In light of the fact that the territories subject of the Palestinian referrals to the Court, are under an agreed and internationally accepted dispute-settlement and negotiation process, the Pre-Trial Chamber of the ICC, by any legal logic, should have rejected the contentions of the prosecutor, rather than attempt to prejudge and undermine the outcome of the negotiating process by determining that there exists sovereign Palestinian territory.
Sadly, and regrettably, this decision not only irreparably harms the integrity and credibility of the ICC, but it also has the potential to undermine and derail the Middle East peace negotiating process, since the Court, at the behest of its prosecutor, is attempting to prejudge the outcome of that process, contrary to all historic and legal logic.
The hijacking, abuse and manipulation of the ICC is the antithesis of the vision of its founding fathers, the states and the international legal experts that devoted so much time, effort, and enthusiasm to establishing a genuinely objective juridical body.
Is Palestine a State?
by Alan M. Dershowitz
Gatestone Institute, February 9, 2021
- The highly politicized International Criminal Court just declared statehood for Palestinians. They did it without any negotiation with Israel, without any compromise, and without any recognized boundaries. They also did it without any legal authority, because the Rome Statute, which established the International Criminal Court, makes no provision for this criminal court to recognize new states.
- The International Criminal Court is not a real court in any meaningful sense of that word. Unlike real courts, which have statutes and common law to interpret, the International Criminal Court just makes it up. As the dissenting judge so aptly pointed out, the Palestine decision is not based on existing law. It is based on pure politics.
- The Palestinians — both in the West Bank and Gaza — who have refused to negotiate in good faith and have used terrorism as their primary claim to recognition, have been rewarded for their violence by this decision.
- The real victims of such selective prosecution are the citizens of these third world countries whose leaders are killing and maiming them.
- All in all, the International Criminal Court decision on Palestine is a setback for a single standard of human rights. It is a victory for terrorism and an unwillingness to negotiate peace. And it is a strong argument against the United States and Israel joining this biased “court,” and giving it any legitimacy.
The International Criminal Court’s chief prosecutor Fatou Bensouda is presiding over a process where no body of law exists, but the court just makes it up. (Source: Wikimedia Commons).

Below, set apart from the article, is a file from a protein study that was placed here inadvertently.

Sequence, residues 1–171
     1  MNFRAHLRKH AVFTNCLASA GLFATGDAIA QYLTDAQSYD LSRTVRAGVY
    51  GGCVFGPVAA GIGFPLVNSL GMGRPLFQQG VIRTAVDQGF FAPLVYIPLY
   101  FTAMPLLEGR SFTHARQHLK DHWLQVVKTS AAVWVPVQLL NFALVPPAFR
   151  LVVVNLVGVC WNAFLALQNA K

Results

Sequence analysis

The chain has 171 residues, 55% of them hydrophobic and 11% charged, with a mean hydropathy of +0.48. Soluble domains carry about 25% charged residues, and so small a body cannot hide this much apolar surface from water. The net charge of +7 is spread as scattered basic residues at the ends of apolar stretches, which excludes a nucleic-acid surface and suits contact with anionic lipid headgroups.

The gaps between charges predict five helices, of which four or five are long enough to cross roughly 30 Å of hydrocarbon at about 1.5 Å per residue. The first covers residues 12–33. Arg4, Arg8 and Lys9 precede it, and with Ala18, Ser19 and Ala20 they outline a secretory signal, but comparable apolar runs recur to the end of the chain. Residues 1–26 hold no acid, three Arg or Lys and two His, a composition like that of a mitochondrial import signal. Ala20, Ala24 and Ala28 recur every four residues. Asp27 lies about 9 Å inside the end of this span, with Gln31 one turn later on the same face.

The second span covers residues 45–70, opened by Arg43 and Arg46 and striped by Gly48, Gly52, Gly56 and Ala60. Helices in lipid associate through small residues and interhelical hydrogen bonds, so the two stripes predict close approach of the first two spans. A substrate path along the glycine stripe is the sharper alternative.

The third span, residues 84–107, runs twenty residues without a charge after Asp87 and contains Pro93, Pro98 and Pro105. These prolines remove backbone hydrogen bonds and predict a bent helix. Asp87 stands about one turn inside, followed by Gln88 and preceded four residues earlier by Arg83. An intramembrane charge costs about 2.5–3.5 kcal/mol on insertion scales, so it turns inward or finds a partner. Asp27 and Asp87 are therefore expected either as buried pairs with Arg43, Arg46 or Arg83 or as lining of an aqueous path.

The highly politicized International Criminal Court just declared statehood for Palestinians. They did it without any negotiation with Israel, without any compromise, and without any recognized boundaries. They also did it without any legal authority, because the Rome Statute, which established the International Criminal Court, makes no provision for this criminal court to recognize new states. Moreover, neither Israel nor the United States ratified that treaty, so the decisions of the International Criminal Court are not binding on them. Nor is this divided decision binding on signatories, since it exceeds the authority of the so-called court.
I say “so-called” court, because the International Criminal Court is not a real court in any meaningful sense of that word. Unlike real courts, which have statutes and common law to interpret, the International Criminal Court just makes it up. As the dissenting judge so aptly pointed out, the Palestine decision is not based on existing law. It is based on pure politics. And the politics of the majority decision is based in turn on applying a double standard to Israel — as the United Nations, the International Court of Justice and other international bodies have long done.
There are numerous other groups — the Kurds, the Chechens and the Tibetans among them — who claim some degree of independence. Yet neither the International Criminal Court nor other international organizations has ever given them the time of day. But the Palestinians — both in the West Bank and Gaza — who have refused to negotiate in good faith and have used terrorism as their primary claim to recognition, have been rewarded for their violence by this decision.